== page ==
[This is part of the headline over an article on the website of The Telegraph by columnist Alan Cochrane. The following are excerpts:]
What is perhaps not widely understood is that the process behind Megrahi’s release began not with Alex Salmond’s devolved SNP administration in Edinburgh, but with the Labour government in London – or, more specifically, with Tony Blair. It was the then prime minister who brokered a secret prisoner transfer agreement with Gaddafi, as part of a general thawing of relations between the West and this former rogue state. It was linked to suggestions that massive new British, American and European investment in Libya’s vast oil and gas fields would be forthcoming if only the Libyans would mend their ways. The small matter of the Lockerbie bomber was a fly in the ointment.
Blair didn’t inform the authorities in Edinburgh of his deal, even though they were responsible for Megrahi’s conviction and incarceration. Salmond and the independent Scottish law officers only found out about it when they were tipped off by senior prison service officials. Downing Street then compounded the original error by trying to pretend that the deal done with Gaddafi did not concern Megrahi, even though he was the only Libyan held in any British jail.
Eventually, after furious protests from the Scots, Jack Straw, the justice secretary, was forced to issue a statement conceding that any decision on the Lockerbie bomber’s future was indeed a matter for Scottish ministers. But the damage, in terms of relations between the two administrations, had been done. Although the formalities over a prisoner transfer for Megrahi continued, the Scottish authorities, still smarting over Blair’s behaviour, were now firmly against such a move – until it became known that Megrahi was suffering from terminal cancer, and a release on compassionate grounds became an option. Those close to MacAskill reported that he was looking favourably on such a move; given that his instincts on the matter were well known in Downing Street and the Foreign Office, they sat tight, said nothing and waited for the release to take place.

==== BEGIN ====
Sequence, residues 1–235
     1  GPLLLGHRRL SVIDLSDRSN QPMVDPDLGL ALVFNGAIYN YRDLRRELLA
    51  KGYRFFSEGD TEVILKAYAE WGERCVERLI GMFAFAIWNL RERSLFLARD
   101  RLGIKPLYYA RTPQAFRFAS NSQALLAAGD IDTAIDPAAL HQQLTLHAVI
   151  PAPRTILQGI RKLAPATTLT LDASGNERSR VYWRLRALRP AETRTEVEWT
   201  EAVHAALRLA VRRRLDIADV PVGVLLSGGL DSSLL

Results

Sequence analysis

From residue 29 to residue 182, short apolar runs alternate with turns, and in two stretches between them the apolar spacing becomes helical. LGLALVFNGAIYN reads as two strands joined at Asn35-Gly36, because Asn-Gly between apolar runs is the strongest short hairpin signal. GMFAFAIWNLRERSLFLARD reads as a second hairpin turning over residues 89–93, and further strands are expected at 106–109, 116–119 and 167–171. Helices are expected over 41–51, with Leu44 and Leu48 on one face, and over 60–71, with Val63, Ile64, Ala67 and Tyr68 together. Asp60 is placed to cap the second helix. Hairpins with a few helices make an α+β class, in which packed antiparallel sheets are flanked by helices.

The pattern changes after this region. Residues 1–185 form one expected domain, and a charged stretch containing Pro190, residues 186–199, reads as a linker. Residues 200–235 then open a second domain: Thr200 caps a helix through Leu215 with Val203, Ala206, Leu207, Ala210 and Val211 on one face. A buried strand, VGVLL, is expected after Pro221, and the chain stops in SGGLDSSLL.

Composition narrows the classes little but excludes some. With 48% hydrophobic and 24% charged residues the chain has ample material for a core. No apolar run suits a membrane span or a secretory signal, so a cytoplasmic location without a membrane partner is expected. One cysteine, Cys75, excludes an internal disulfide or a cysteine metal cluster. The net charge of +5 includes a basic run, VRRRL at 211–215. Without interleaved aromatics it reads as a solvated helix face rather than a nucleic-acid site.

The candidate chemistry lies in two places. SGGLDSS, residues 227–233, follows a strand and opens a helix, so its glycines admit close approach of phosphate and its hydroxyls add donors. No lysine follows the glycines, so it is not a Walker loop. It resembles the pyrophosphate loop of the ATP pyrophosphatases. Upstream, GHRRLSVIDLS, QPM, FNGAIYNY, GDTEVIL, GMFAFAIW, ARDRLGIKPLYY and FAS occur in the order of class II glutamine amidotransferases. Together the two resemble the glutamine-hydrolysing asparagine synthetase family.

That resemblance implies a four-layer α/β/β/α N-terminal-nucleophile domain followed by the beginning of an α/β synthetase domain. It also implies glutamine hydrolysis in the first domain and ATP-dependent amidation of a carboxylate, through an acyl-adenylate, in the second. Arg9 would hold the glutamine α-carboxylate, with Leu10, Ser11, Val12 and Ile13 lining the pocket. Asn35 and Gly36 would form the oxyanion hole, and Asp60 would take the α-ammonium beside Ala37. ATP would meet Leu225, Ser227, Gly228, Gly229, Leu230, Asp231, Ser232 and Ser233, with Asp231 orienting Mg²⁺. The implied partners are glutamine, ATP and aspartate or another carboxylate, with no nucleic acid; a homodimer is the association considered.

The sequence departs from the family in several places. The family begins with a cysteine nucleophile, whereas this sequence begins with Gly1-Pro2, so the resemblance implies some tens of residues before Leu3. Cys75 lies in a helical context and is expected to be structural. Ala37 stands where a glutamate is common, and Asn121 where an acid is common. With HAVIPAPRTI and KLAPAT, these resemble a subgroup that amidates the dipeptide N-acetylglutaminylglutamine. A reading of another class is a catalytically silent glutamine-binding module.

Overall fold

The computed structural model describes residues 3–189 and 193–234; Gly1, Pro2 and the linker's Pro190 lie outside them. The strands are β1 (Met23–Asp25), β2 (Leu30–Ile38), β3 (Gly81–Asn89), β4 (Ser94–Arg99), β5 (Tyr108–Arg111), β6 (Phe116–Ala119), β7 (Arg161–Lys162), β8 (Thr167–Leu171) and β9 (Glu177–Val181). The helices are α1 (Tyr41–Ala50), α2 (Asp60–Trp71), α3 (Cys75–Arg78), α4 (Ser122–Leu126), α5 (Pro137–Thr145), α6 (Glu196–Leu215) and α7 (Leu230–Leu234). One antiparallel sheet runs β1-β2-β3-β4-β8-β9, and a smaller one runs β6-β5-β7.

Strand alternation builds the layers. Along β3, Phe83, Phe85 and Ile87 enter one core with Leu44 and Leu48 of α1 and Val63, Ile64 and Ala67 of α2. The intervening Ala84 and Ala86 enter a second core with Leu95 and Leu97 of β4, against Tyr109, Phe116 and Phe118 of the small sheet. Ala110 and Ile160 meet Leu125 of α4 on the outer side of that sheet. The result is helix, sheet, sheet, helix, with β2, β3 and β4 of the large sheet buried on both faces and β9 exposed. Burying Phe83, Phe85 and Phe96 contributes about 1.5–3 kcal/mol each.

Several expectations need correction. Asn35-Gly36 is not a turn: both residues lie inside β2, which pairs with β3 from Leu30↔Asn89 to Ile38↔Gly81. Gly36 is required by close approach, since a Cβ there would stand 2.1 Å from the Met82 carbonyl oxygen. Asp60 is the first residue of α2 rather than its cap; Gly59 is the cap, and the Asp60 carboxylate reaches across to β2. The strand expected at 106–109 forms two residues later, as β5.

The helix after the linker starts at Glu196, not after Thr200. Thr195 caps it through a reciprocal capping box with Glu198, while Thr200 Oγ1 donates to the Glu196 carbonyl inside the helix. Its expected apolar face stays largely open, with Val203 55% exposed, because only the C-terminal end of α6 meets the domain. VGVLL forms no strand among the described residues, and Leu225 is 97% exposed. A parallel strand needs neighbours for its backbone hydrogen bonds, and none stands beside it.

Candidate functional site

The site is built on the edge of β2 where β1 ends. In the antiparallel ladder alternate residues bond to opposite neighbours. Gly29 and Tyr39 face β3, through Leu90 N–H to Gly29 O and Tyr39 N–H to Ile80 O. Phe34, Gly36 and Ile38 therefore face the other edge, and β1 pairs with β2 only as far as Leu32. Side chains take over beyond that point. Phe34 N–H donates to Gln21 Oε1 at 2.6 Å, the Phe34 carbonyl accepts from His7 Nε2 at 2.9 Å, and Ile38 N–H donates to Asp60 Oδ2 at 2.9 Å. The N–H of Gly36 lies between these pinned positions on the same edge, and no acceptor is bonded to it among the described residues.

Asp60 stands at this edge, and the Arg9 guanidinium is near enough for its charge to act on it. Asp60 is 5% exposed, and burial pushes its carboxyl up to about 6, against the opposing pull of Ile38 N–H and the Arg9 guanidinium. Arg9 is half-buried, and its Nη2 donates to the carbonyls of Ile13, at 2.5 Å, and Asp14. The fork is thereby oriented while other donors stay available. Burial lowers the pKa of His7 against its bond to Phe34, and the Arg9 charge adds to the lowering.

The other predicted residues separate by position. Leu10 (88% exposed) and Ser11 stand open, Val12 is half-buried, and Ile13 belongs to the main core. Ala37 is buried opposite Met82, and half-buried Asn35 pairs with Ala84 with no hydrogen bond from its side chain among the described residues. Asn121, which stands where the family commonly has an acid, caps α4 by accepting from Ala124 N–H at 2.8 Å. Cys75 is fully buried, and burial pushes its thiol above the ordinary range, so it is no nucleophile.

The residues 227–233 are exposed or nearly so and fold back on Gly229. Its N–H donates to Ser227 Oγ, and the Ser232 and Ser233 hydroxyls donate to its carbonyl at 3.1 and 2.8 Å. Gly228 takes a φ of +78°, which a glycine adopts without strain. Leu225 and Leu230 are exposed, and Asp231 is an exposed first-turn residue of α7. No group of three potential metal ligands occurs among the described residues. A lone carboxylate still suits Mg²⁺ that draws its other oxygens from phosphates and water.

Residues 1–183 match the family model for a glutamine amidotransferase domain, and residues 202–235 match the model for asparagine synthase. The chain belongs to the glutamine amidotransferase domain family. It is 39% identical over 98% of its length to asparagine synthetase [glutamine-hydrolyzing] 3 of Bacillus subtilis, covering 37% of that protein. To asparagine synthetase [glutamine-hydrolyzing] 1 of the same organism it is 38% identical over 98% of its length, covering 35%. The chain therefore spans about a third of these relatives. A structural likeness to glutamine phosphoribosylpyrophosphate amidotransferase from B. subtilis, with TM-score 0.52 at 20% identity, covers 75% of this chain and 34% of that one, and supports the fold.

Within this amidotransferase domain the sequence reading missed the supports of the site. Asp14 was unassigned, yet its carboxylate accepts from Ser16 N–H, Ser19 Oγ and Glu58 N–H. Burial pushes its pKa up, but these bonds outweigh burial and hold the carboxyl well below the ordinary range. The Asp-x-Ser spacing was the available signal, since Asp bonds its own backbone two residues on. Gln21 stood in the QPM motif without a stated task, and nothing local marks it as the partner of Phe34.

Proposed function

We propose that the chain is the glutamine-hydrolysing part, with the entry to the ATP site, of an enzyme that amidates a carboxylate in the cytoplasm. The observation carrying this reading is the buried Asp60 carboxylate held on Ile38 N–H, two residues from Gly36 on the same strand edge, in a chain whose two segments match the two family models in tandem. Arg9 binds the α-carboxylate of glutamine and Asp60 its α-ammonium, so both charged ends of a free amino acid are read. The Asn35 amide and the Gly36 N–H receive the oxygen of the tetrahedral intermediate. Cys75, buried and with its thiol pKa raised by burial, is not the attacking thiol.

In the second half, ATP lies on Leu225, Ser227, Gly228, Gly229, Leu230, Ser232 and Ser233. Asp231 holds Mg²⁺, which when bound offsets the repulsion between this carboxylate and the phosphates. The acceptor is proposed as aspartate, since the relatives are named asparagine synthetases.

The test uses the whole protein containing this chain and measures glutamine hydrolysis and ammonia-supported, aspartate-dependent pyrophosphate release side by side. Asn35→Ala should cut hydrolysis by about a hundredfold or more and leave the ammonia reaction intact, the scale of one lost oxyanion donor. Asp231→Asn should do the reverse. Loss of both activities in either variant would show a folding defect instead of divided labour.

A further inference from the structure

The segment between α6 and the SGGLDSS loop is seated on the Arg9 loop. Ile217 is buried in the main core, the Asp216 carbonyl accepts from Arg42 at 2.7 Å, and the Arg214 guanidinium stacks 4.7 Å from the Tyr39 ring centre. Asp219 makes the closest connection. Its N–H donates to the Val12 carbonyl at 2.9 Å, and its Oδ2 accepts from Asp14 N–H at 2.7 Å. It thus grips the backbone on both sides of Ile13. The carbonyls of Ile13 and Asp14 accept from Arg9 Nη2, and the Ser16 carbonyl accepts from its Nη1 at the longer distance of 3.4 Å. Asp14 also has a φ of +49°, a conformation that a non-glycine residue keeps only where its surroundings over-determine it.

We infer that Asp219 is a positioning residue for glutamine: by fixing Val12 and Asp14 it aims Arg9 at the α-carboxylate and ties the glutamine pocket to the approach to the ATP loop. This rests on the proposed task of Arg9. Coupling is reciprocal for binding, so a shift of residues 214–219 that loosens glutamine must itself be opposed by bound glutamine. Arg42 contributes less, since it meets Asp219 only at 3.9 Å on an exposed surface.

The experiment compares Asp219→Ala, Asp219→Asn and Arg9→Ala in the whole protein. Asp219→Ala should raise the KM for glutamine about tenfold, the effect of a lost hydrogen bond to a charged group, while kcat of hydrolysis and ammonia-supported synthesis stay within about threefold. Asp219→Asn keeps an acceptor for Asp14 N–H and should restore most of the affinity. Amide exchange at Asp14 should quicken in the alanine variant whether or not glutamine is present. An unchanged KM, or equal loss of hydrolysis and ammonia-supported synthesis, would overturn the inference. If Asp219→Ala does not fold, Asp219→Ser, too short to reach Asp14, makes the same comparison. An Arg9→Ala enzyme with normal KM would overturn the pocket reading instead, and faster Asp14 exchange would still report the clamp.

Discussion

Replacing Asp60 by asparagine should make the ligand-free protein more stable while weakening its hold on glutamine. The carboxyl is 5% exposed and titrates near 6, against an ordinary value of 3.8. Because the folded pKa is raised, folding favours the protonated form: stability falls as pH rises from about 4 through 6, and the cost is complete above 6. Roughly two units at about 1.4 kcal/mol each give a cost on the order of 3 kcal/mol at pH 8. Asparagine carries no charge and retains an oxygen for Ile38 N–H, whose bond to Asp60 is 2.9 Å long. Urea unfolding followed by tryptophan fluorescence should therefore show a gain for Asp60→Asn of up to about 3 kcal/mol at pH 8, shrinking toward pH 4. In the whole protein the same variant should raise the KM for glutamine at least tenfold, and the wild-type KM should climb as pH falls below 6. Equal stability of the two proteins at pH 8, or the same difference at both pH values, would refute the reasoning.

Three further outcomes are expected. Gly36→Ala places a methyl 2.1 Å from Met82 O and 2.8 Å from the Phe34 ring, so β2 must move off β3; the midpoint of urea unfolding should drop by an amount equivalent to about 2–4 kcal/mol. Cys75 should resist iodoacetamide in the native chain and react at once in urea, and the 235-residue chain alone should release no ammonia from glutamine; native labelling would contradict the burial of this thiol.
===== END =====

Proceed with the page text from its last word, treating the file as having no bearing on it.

[For an earlier post on this blog regarding the history of the prisoner transfer deal and UK Foreign Office economy with the truth, click here.]